Q) What’s the scariest place you’ve ever been? I was afraid of the monster on the Mekong in your book. Whoa that thing scared me.

A) I don’t really get frightened on expeditions, etc. For me, it’s more of an Adrenalin rush. I have had a lot of good times on Puerto Rico searching for the Chupacabra. The island’s El Yunque rain-forest is a mysterious and cool place!

We have a special promotion to celebration Nick’s work, the perfect “big picture” UFO, monster-hunting, crop circle whirling tour-de-force through every day of the year through history:  365 Days of UFOs by Nick Redfern.

If you haven’t read Nick Redfern, it’s time. Try 365 Days of UFOs as a perfect introduction and, once you are hooked (and you will be), journey into Men in Black: Personal Stories and Eerie Adventures and move on to the even more evil Women in Black: Creepy Companions of the M.I.B.

All from Lisa Hagan Books.

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#Cliches are not good, but… #writing

 

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from Keep It Short by Charles Euchner

#CLICHES

To give clichés life—to make them fresh and original again— find something surprising to add to them.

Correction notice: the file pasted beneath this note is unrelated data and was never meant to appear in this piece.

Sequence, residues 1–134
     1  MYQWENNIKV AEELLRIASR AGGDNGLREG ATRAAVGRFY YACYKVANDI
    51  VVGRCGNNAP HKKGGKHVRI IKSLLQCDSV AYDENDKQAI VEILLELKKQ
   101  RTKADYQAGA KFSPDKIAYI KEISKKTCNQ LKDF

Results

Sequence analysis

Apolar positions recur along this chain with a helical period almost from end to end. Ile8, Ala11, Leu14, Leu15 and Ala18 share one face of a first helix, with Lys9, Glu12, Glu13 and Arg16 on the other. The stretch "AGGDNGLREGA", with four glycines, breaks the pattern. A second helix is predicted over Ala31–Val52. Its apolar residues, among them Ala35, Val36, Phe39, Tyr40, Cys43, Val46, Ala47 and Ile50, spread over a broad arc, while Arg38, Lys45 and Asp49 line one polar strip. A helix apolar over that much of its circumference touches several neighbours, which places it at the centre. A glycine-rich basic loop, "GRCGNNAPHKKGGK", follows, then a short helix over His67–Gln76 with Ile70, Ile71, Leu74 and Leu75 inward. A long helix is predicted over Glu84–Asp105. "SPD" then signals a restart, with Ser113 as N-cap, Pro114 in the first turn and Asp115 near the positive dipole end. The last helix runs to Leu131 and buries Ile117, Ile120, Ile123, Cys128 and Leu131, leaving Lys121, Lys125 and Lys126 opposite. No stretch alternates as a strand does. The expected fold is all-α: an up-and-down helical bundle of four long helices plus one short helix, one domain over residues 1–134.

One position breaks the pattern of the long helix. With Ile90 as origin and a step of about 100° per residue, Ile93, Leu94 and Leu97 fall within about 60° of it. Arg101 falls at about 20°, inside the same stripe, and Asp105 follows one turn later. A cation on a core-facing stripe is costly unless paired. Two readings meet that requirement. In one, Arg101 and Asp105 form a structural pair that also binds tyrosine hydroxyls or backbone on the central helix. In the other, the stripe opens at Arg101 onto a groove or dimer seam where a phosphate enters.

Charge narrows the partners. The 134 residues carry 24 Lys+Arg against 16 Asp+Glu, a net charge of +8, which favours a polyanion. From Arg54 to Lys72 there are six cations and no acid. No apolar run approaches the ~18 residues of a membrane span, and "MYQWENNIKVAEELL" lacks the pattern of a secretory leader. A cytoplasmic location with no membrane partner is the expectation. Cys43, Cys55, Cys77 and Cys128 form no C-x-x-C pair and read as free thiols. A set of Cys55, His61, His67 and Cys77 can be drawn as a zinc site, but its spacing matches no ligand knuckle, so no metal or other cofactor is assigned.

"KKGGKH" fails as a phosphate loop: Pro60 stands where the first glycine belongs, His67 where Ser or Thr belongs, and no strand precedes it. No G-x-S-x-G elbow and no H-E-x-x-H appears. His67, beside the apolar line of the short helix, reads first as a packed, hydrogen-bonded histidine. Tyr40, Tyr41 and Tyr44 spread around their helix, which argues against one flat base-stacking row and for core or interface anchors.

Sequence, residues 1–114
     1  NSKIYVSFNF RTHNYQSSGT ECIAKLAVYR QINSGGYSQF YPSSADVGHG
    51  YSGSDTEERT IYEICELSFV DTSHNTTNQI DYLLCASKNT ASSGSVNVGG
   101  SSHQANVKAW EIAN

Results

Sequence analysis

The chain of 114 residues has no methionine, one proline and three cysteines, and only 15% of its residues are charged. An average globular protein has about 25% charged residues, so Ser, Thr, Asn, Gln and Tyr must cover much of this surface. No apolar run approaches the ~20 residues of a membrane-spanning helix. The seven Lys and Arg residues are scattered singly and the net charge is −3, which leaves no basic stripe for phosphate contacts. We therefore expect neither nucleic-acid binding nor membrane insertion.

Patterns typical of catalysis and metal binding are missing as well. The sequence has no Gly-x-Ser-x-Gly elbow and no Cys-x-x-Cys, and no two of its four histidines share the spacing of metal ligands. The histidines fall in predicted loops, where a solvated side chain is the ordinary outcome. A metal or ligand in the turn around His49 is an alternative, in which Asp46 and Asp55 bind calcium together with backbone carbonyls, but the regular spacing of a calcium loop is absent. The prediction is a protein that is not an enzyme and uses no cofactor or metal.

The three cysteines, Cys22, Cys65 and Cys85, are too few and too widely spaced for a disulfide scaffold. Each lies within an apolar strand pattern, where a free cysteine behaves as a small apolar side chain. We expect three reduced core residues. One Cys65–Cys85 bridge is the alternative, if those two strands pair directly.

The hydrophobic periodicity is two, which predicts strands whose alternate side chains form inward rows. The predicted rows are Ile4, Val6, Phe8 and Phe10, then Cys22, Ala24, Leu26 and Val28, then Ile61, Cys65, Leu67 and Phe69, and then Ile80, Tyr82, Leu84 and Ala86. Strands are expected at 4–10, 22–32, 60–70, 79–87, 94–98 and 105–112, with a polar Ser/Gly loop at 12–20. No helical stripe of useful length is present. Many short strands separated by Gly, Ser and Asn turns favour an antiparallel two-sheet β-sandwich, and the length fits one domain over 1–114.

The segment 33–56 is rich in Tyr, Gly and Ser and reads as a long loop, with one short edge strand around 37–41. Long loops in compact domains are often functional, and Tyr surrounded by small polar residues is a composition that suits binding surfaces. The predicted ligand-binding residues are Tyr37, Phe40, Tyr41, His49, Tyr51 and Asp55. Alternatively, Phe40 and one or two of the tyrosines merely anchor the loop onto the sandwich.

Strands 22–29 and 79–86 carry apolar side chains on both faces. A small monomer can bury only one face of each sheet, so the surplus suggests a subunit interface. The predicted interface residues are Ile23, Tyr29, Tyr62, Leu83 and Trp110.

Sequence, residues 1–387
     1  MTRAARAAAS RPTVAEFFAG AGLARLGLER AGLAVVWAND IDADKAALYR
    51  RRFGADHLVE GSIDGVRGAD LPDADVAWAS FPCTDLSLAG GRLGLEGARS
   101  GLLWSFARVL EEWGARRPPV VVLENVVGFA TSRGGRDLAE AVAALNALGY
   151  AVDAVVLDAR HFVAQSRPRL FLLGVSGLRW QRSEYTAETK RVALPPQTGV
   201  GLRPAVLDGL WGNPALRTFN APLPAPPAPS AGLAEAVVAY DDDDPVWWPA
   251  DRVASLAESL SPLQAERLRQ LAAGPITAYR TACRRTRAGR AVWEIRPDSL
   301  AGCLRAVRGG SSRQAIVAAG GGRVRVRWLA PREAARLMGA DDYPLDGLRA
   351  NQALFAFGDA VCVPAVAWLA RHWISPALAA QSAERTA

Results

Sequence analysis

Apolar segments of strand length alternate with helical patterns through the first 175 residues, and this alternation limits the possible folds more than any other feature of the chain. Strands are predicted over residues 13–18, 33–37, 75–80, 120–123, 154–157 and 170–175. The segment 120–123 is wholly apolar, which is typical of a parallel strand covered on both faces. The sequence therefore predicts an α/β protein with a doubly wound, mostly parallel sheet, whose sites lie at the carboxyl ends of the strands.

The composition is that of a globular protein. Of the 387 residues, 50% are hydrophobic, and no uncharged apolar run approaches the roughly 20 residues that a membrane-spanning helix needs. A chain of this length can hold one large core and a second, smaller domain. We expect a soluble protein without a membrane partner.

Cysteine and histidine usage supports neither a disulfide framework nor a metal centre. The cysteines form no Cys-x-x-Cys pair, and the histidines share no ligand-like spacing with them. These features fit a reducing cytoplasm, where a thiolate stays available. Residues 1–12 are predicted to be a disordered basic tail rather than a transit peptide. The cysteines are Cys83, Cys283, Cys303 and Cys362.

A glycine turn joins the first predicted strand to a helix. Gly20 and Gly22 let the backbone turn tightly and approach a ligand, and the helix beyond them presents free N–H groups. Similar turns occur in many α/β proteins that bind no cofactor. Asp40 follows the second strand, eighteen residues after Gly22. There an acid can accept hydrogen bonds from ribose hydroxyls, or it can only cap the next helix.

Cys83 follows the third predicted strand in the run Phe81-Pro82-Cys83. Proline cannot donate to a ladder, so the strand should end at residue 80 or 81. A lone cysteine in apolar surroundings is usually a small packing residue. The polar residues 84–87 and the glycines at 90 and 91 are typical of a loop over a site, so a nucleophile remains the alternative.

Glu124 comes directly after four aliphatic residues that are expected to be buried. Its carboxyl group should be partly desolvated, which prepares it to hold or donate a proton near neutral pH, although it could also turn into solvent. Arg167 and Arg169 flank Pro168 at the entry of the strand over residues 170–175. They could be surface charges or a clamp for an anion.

Too often, we use familiar ideas without really under- standing their meaning. We repeat phrases and ideas carelessly.

When we overuse expressions, we live in a fool’s paradise. We cannot hold a candle to the halcyon days, our salad days, when we suited the action to the word and revealed the naked truth. But we give short shrift to language, writing with neither rhyme nor reason. And we lose such stuff as dreams were made of, at’s neither here nor there, since these expressions are dead as a doornail. Coming full circle, we realize, more in sorrow than anger, and it’s a foregone conclusion that overuse of such terms is a fatal vision. So, in one fell swoop, we throw cold water on it.

All of those expressions come from Shakespeare. ese expressions once expressed ideas with freshness and originality. But used over and over, they have lost their vitality. Too o en, we use these clichés not because they express ideas well, but because they o er a simple way to say something. ey let us say something without thinking.

Remember you want to make the reader see, feel, helpless, harmless. Milo’s dead.” By using the slack, disinterested tone of a gumshoe, Lynch moves us away from sickly sentimentality.